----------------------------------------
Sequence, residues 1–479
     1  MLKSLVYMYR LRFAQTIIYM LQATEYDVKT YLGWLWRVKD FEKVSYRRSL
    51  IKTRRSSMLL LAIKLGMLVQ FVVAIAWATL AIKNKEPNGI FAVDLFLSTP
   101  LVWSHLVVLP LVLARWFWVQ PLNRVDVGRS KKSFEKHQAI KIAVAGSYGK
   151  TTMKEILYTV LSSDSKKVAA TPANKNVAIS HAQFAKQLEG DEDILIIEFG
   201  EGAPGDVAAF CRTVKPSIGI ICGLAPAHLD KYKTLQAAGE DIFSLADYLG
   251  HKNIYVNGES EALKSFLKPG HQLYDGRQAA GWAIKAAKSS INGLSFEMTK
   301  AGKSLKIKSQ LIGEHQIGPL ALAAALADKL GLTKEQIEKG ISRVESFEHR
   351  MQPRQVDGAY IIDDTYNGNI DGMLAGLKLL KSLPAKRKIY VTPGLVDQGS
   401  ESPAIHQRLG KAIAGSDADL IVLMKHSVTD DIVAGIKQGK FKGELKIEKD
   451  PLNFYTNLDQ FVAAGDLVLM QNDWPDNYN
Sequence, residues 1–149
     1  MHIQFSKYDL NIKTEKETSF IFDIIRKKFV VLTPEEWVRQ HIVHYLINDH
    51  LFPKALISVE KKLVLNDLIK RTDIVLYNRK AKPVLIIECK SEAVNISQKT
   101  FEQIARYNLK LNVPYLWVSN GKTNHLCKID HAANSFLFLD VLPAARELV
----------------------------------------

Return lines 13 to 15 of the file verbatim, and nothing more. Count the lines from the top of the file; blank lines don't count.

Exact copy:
     1  MHIQFSKYDL NIKTEKETSF IFDIIRKKFV VLTPEEWVRQ HIVHYLINDH
    51  LFPKALISVE KKLVLNDLIK RTDIVLYNRK AKPVLIIECK SEAVNISQKT
   101  FEQIARYNLK LNVPYLWVSN GKTNHLCKID HAANSFLFLD VLPAARELV